Six awe-inspiring engineering projects in the UK

Published: 19 Aug 2015

It’s an exciting time to be an engineer in the UK. There are major infrastructure projects planned and underway across the country, including numerous road developments, waste disposal projects and flood defences, promising to support over 150,000 construction jobs nationwide. Meanwhile London is becoming a mecca for cutting edge architecture. 70 tall buildings are already under construction, including one which has already been nicknamed the ‘Scalpel’, promising to transform the capital’s skyline. Below is a list of some of the most impressive engineering projects which are underway right now or planned for the near future.

Forth Bridge

1. Crossrail

Crossrail makes this list for obvious reasons. It is, in fact, the largest construction project in Europe, with over 10,000 people working over 40 construction sites. Work started in 2009 and since then nearly 70 million working hours have gone into the project, which will increase London’s transport capacity by 10% and significantly cut journey times across the city. The route will run over 100km and encompass 40 stations, including 10 new ones, bringing an extra 1.5 million people to within 45 minutes of central London. Tunnelling under London was recently completed, using eight huge 1,000 tonne tunnelling machines to bore through 26 miles of earth. Services are due to start in 2018.

2. HS2

High Speed 2 will link London to Birmingham with a new high-speed railway, which will eventually be extended to Manchester, Leeds and beyond. However, you probably already know something about HS2, as it has certainly caused a great deal of debate and controversy. However, as it stands, construction is due to begin in 2017, with the entire network projected to be completed in 2033 at a total cost of £43bn. There can be no doubt that such a large and long running infrastructure project will bring excellent opportunities for engineers in the UK.

3. Queensferry crossing

Due to open in 2016, this new bridge across the Forth in Scotland will cost up to £1.4bn, and at 1.7 miles in length will be the longest three tower cable-stayed bridge in the world. It forms the centrepiece of the Forth Replacement Crossing scheme which includes major motorway upgrades to the north and south of the bridge and features the first ever use in Scotland of variable mandatory speed limits to help control congestion. Once completed the new bridge will stand alongside the Forth Road Bridge and the iconic 19th century railway bridge, which was granted UNESCO World Heritage status in July this year.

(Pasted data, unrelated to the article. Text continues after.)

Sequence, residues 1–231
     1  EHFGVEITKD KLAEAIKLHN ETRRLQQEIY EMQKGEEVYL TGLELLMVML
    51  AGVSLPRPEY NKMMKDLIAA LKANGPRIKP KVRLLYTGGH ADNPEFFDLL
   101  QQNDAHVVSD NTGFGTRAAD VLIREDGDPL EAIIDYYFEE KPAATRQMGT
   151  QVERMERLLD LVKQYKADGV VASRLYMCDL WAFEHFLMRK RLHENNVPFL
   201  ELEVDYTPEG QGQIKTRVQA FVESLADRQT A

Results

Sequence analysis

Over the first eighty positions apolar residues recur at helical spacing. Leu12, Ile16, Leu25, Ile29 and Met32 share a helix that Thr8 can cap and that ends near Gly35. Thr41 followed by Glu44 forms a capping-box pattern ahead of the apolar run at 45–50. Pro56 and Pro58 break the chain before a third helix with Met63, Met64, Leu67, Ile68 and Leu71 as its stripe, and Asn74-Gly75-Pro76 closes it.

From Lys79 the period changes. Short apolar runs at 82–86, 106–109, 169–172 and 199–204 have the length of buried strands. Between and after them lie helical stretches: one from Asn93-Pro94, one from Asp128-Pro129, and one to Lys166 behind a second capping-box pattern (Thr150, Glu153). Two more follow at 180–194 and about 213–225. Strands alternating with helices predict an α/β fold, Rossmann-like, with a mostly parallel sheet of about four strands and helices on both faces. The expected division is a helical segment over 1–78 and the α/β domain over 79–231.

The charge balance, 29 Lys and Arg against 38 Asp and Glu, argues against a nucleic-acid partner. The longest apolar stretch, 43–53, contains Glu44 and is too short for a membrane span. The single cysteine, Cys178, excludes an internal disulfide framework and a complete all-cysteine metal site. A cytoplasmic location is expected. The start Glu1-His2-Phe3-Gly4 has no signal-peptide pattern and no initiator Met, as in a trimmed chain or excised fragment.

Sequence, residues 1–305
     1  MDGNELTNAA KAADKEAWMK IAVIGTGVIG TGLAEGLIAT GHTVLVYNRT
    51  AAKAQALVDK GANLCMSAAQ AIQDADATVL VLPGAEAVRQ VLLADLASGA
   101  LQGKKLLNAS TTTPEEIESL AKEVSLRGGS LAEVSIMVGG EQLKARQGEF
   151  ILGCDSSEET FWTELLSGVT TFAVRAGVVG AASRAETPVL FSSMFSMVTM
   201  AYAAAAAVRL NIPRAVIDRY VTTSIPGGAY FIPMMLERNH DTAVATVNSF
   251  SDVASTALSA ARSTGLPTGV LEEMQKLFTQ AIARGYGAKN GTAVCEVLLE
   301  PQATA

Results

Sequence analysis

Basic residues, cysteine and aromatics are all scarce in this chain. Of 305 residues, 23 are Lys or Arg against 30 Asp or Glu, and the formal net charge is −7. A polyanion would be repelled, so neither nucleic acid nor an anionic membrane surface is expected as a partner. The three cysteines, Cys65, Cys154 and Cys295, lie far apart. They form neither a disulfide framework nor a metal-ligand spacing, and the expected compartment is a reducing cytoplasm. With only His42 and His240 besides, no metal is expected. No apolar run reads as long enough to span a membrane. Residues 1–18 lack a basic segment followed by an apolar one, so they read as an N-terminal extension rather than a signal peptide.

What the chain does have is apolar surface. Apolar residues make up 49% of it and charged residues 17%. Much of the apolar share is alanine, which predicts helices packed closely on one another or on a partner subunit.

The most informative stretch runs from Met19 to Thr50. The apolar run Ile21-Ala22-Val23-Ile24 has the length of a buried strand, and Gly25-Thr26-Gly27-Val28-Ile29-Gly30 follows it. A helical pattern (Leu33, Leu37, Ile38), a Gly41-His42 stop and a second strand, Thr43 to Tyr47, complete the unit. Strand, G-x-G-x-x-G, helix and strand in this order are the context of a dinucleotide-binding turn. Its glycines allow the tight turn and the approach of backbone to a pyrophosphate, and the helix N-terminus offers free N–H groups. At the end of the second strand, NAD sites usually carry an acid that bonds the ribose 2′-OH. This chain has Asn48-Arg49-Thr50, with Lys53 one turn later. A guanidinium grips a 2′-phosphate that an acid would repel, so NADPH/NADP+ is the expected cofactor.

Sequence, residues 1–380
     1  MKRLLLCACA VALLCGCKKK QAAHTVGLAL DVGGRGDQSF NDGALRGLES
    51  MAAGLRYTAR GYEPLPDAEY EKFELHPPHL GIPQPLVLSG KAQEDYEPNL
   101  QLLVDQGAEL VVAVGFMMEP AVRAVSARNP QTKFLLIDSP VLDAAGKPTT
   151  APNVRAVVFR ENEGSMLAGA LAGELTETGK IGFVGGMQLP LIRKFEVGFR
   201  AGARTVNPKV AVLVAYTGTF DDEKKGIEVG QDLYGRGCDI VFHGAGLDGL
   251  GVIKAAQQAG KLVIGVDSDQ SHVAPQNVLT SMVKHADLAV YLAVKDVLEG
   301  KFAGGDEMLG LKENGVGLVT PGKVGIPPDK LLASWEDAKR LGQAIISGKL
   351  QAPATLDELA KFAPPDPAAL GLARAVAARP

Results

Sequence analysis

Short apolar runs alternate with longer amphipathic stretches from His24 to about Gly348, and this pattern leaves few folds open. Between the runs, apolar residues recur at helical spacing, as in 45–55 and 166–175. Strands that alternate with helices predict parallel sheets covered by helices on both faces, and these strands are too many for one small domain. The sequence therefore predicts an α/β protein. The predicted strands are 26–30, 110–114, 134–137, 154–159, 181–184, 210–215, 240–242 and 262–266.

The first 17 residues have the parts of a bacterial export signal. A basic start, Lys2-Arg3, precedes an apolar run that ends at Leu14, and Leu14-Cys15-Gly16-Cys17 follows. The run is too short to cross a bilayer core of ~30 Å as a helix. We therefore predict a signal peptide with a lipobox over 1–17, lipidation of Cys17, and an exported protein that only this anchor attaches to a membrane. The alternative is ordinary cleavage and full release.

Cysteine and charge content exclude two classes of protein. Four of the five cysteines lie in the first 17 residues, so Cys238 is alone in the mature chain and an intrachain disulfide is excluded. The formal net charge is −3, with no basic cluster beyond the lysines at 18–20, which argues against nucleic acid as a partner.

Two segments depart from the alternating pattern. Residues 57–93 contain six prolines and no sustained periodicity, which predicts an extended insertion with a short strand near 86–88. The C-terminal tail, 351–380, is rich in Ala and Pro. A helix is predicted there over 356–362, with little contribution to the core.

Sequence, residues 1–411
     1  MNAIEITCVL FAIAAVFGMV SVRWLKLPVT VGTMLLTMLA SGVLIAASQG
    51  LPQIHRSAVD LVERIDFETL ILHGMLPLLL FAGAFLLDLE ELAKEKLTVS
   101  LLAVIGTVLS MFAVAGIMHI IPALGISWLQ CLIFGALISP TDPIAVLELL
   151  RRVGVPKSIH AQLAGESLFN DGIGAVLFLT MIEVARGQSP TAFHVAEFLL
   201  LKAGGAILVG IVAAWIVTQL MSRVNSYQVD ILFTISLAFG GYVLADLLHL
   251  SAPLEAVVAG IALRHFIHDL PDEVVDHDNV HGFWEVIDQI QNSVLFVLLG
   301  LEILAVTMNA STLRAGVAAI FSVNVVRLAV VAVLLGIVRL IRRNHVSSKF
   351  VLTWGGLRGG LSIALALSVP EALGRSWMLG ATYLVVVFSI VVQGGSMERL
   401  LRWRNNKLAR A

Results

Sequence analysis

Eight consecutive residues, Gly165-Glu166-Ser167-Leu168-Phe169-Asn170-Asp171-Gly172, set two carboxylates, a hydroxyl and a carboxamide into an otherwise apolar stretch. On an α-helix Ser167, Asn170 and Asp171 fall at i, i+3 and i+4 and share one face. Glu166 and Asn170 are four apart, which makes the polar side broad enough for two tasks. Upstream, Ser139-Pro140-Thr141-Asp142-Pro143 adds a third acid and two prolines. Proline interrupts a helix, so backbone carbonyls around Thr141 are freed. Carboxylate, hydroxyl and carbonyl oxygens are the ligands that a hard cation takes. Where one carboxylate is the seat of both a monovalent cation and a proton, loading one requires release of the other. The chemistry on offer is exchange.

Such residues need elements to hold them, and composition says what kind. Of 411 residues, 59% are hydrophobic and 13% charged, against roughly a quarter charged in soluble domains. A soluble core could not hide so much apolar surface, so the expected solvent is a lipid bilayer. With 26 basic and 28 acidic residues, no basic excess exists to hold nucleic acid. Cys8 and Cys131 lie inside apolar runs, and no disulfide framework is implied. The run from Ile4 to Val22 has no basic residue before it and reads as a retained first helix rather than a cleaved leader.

4.Manchester Victoria station redevelopment

First constructed in 1844, Manchester Victoria station is currently undergoing a £44m transformation to update it to meet the needs of 21st century Britain, whilst preserving the Grade II listed buildings which it encompasses. The centrepiece of the development is a £16m new roof, in a contemporary style, which will transform the building into a bright, modern space. Construction is due to be completed soon.

5. Mersey Gateway Bridge

Work started last year on this six lane toll bridge over the Mersey between Runcorn and Widnes, built to relieve congestion on the ageing Silver Jubilee Bridge. With a similar design to the second Severn Crossing, this bridge, including the approach viaducts, will be 2,130 metres long, with a river span of 1km.

6. Leeds Flood Defences

This £45m scheme is one of the largest river flood defence projects in the country, involving major construction work along the River Aire in the city centre along a 4.3km expanse. It’ll feature the UK’s first moveable weirs, which can be lowered in flood conditions to reduce river levels. The project began in January this year and is due to end in 2017.

With the UK investing like never before in renewing our infrastructure and skilled workers in high demand, now is a great time to be an engineer. If you’re looking for a new opportunity, be sure to check out our jobs page, where we have lots of fantastic opportunities in a variety of sectors.

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